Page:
10 year old boy with Seizures and ECG Propable Right Ventricular Hypertrophy
My son is 10 years old and had a secondary generalized seizure on Dec 19, 2011 at school. He was then transported by ambulance to Alberta Children’s Hospital where he was given an ECG, blood work and cognitive tests. Blood work and cognitive tests were normal. The emergency physician told us that my son’s ECG was normal except for a small abnormality due to someone just having a seizure and that he should have another ECG done in a month. He was then sent home. He then had an EEG done and has seen a neurologist who determined that his seizures are suggestive of probable rolandic epilepsy, he is now on 250 mg of Keppra in the morning and 500 mg in the evening. He is scheduled to have an MRI in Feb.
He also had another ECG done one month after the secondary generalized seizure. The ECG indicated "right probable ventricular hypertrophy". The docotr said that means he has an enlarged heart. He then recommended my son have an echocardiogram and be seen by a Pediatric Cardioligist as soon as possible.
Since we received the results from our son's second ECG stating “probable right ventricular hypertrophy” and possible left, our lives have been turned upside down. My husband and I are absolutely sick with worry about our little boy and his heart's condition. I, as his mother, am an absolute wreck not knowing what is going on. I have googled “probable right ventricular hypertrophy” over and over again and it sounds very serious. Our son has always been a healthy, active and intelligent little boy. All of this is even more difficult to deal with, given the fact that he was just diagnosed with epilepsy.
1. Is the seizure and ECG readings related?
2. How accurate is an ECG reading for RVH in a child?
3. Can a healthy 10 year old boy just develop these health issues, or have they been there for a long time, unnoticed?
I hate it when I lose everything I wrote and now I have to leave for awhile!!! I'll be back later to answer your question...hang in there. In the meantime, you may want to look up: the Children's Cardiomyopathy Foundation as well.
Hello again. One of the most important things for you to think about here is the word: probable. This is not a definite prognosis yet. The EKG records primarily the electrical activity of the heart; sometimes it can record a hypertrophy if the hypertrophy has reached a certain size. There are two basic types of hypertrophy with the heart and you do not say which one your doctor thinks it is; you should ask him which it is. One type is where the wall are too thin and the chamber is too large, the other is where the walls are too thick and the chamber size is reduced. For the most part the first form is caused by a virus and the second form is caused by a genectic issue. The right ventricle receives the blood coming back into the heart from around the body; it is not the main pumping chamber, that is the left ventrical. The fact that your son's right ventricle is possibly affected, is actually better news than if the left ventricle was affected. Neither is good, but if it came down to a choice, your son is actually sitting better than a child with a left ventricle problem. That child would have an issue with the blood leaving the heart and reaching the brain, thay would also have a lot of problems with breathing. The EKG has nothing to do with the seizures. To truely diagnose this problem, the EKG may be a starting point, but it is not a definite; the echo is much more reliable because it measures the heart walls and chambers and looks at the actual functioning of the heart. Your son will have an echo done when he sees the pediatric cardiologist to determine if he actually has this problem. You asked about this your son having this problem and having it not noticed before now, if that is possible. Yes, it is and it certainly could be missed because it involves the right side of the heart. Had it been the left side, he would have been dealing with a whole different set of cards and you certainly would have known there was a problem. My own daughter had a severe form of cardiomyopathy which destroyed both the right as well as the left side of her heart and we only found that as a fluke when she was hospitized at the age of six; she eventually needed a heart transplant. Keep us posted and also, there is a Pediatric Cardiology Forum here on the Medhelp site for the support of parents and families; you may want to jump over to that forum as well. take care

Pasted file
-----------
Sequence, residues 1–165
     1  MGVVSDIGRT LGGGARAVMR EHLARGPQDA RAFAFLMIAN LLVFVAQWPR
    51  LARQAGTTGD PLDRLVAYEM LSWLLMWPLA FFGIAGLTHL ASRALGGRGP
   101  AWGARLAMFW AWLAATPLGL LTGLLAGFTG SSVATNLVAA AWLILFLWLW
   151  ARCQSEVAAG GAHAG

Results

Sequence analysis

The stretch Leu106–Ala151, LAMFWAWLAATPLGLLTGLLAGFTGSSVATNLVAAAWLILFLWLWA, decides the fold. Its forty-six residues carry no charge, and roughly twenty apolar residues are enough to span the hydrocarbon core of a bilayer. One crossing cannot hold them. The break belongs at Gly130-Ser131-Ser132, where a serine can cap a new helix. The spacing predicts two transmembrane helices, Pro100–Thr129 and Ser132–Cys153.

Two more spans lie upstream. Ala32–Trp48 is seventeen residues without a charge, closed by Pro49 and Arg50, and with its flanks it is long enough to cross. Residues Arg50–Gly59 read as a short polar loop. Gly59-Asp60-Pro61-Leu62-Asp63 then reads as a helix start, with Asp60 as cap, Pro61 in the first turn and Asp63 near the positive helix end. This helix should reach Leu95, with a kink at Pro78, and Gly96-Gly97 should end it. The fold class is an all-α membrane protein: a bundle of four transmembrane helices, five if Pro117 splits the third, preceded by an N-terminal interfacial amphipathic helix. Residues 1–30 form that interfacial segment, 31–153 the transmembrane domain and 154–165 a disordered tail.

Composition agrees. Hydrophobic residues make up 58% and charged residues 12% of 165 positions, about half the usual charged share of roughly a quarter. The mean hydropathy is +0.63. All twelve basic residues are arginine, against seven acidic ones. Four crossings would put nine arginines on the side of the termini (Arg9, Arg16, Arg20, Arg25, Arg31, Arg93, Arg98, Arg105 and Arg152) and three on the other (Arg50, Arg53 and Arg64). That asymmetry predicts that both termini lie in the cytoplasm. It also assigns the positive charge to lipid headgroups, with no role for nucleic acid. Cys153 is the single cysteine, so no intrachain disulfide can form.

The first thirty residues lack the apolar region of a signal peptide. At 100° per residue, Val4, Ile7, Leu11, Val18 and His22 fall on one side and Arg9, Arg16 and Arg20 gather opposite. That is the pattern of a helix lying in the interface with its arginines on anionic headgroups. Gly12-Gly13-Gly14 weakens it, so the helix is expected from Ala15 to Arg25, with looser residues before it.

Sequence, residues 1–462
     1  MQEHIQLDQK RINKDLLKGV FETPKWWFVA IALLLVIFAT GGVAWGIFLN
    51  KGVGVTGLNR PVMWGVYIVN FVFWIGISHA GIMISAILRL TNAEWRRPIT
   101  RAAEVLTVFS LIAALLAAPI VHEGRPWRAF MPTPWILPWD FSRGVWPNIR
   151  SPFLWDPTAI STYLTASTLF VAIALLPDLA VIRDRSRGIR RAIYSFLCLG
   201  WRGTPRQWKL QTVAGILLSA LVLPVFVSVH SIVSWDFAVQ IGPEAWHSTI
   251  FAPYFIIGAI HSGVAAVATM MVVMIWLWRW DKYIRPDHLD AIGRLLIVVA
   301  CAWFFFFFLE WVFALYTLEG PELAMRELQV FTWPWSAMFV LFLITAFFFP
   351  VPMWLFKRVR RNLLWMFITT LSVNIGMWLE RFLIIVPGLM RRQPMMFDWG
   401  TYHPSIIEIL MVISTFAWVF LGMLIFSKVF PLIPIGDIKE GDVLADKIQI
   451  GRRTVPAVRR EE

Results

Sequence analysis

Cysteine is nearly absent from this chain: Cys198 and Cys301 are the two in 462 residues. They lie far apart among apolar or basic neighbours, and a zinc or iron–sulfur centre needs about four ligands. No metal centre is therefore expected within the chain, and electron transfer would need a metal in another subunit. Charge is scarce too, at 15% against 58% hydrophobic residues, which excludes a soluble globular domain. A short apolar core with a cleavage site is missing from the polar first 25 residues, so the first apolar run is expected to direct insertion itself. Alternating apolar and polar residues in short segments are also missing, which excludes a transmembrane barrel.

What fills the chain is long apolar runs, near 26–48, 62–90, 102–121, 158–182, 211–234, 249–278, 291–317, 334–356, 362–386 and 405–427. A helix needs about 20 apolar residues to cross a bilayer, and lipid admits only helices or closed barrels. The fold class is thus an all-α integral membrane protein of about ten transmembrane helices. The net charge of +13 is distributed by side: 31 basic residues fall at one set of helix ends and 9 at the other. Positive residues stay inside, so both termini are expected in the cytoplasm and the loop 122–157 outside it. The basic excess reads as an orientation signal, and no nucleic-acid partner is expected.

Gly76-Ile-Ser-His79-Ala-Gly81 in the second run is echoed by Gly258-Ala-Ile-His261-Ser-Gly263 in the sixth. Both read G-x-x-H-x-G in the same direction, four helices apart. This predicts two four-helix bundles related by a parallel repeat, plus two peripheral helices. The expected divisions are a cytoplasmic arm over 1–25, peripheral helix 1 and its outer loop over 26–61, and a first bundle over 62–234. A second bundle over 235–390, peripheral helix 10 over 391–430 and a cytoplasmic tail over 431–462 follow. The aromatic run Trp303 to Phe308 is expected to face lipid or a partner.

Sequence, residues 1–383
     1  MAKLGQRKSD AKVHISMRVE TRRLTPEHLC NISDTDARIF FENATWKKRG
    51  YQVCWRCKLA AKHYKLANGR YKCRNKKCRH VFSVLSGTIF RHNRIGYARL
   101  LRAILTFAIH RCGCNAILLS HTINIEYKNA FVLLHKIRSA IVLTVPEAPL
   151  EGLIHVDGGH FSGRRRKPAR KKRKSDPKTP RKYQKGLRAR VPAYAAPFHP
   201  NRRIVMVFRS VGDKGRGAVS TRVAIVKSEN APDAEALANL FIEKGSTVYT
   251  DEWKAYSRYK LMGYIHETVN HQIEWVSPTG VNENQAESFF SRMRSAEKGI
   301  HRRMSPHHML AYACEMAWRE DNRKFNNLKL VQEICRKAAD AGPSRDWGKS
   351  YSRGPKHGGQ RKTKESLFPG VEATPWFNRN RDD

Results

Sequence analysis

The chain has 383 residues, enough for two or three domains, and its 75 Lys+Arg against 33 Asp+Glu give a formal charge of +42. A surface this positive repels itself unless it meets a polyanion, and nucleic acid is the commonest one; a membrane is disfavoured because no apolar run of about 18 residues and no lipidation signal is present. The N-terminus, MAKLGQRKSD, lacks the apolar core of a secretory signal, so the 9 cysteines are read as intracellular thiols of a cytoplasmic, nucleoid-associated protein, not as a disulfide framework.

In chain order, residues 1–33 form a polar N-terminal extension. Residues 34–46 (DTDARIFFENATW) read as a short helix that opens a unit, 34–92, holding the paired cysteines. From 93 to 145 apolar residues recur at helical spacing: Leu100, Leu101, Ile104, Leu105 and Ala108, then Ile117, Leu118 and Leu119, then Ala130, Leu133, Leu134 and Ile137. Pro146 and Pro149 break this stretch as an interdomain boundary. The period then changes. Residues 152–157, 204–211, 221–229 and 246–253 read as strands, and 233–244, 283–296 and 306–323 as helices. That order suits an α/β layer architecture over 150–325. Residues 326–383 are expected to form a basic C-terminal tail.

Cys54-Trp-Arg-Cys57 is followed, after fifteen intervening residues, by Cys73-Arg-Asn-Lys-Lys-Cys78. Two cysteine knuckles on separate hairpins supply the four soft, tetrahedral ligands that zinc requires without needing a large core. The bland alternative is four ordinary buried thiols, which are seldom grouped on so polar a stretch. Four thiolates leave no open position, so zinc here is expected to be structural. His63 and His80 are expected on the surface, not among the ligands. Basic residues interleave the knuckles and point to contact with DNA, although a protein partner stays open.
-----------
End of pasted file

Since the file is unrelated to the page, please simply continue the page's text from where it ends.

Thank you so much for your reply to my questions, I truly appreciate your time and all the valuable information you passed on. My son had an echocardiogram, another ECG and saw the pediatric cardiologist yesterday. Good news, all tests came back normal. The cardiologist said that the ECG was not the most accurate test and that is why they followed up with an echo. My son's heart is fine. Praise God! My goodness, you have been through a lot with your little girl. How is she doing now? I pray she has good health. Thanks again.
Welcome back. I was so happy to hear back from you that your son was perfectly healthy!! At the moment, my daughter is in chronic heart failure again. (transplants aren't a cure, they only afford you more time) They may or may not relist her for another heart so I just have to cherish every moment. Thank you for asking. take care and my best to you! :)
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